New Law Protects Benefits for Volunteer Firefighters, EMS During COVID-19

Michael Heller
Firefighters and EMS volunteers do not have to worry about losing pension-like benefits during COVID-19, thanks to new legislation.

A law that protects volunteer firefighters and ambulance workers’ benefit program during the COVID-19 outbreak has been signed into law.

Assemblyman Fred Thiele introduced the law that will ensure volunteer emergency workers will receive adequate credits toward their Length of Service Award programs during the novel coronavirus pandemic. Governor Andrew Cuomo signed it into law on June 17.

These pension-like programs are used to recruit and retain fire department and ambulance agency volunteers for serving their communities. These volunteers earn the benefits by responding to calls and attending meetings and training throughout the year. A minimum of 50 total points is required.

During the height of the COVID-19 pandemic, while there was no lack of COVID-19 calls to respond to, some volunteers were limited in the number of calls they could respond to because of safety protocols put in place to keep crews to a minimum. Some volunteers are also more vulnerable to the virus and they were advised not to respond. Also, many meetings and trainings were canceled as large groups could not meet and social distancing could not be practiced.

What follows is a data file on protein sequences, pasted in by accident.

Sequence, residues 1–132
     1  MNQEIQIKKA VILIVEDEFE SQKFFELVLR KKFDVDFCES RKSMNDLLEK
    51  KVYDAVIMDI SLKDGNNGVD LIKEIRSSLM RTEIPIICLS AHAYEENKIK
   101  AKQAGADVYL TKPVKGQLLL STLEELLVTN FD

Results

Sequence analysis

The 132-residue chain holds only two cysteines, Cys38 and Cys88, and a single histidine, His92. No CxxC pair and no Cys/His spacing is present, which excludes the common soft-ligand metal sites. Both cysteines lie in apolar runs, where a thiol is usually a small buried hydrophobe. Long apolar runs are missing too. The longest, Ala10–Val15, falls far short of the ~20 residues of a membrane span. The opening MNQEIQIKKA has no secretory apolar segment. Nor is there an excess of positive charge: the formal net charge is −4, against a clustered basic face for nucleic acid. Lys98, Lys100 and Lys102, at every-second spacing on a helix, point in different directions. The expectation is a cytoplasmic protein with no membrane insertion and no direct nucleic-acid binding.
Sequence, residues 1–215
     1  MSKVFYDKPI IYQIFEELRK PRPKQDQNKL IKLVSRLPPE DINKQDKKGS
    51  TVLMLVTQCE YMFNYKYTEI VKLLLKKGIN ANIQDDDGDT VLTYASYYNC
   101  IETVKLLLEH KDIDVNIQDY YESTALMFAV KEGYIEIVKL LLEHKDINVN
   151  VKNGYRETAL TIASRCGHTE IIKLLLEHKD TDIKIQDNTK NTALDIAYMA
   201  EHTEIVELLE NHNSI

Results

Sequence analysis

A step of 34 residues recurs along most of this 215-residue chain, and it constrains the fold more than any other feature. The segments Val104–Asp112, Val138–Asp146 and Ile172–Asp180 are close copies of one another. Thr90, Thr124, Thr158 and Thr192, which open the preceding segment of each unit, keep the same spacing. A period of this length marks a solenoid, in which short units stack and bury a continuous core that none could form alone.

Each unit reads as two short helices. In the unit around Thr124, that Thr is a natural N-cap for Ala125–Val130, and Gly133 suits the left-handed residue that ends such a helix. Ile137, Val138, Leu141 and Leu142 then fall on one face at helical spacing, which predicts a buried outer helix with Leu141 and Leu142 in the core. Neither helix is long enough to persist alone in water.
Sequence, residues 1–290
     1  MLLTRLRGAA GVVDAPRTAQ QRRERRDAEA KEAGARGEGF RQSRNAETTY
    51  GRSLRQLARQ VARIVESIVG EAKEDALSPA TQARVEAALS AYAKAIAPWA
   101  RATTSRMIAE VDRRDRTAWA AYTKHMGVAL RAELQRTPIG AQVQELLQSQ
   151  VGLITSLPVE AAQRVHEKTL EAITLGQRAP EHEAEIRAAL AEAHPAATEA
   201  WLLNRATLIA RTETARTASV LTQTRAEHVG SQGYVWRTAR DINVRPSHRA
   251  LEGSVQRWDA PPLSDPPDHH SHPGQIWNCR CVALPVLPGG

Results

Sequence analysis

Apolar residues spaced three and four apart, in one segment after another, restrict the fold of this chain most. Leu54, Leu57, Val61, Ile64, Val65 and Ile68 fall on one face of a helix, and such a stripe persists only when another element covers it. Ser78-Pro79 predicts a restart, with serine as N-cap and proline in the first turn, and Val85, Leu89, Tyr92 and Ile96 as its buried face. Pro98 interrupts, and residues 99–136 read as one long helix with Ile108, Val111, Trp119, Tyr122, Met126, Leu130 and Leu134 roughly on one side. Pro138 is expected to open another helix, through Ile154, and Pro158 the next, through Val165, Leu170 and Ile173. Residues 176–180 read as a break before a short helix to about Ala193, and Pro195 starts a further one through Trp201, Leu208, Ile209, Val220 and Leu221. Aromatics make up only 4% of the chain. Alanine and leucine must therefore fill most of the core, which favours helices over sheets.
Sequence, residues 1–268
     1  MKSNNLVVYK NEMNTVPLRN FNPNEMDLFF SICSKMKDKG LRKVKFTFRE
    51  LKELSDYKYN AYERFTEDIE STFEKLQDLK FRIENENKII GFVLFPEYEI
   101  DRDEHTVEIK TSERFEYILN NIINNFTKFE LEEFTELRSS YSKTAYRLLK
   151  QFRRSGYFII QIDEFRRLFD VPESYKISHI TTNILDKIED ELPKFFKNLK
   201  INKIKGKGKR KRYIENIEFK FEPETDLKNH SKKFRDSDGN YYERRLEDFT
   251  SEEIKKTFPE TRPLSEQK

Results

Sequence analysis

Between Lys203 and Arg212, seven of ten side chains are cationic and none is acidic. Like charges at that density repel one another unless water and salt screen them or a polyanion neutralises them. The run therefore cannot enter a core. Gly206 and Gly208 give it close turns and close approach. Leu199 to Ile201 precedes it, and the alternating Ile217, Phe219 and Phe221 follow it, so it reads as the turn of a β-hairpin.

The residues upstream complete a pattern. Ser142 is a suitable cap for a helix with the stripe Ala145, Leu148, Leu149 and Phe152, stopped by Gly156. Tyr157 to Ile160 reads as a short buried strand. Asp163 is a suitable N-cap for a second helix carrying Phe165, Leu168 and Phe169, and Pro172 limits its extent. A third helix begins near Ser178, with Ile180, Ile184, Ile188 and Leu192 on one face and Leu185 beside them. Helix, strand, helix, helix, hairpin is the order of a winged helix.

While these were all necessary precautions, the cancellations and policies left some volunteers worried they would not earn the necessary LOSAP credits in 2020.

Assemblyman Thiele and Senator Todd Kaminsky sponsored the bill that will allow active volunteers to earn up to five points per month during the COVID-19 pandemic, and establish a flexible and more equitable system by authorizing departments to determine emergency response requirements for certain LOSAP participants.

“Volunteer fire and ambulance workers have been rightfully lauded as some of the heroes of the COVID-19 outbreak, tirelessly working to serve our communities, while selflessly putting their own safety at risk in order to do so,” Thiele said. “We owe them a debt of gratitude and must ensure that among their many sacrifices during this time, their LOSAP awards are not jeopardized.”

East Hampton Fire Department Chief Gerard Turza Jr. said his members have had concerns about losing LOSAP and it came up as a topic of conversation the night before the bill was signed. “We greatly appreciate the work of Assemblyman Thiele and also Senator Kaminsky for their efforts to get this legislation passed. It’s giving our volunteers peace of mind as they’ve been providing invaluable services to the community while adapting to sometimes restrictive guidelines during the COVID-19 pandemic.”

Springs Fire Chief Darrin Downs said the legislation was necessary. “During this crisis many older members of members with underlying health concerns were requested to stay home as they were more prone to contracting the virus. So any help the state is willing to give to help them keep their LOSAP points and status is great.”

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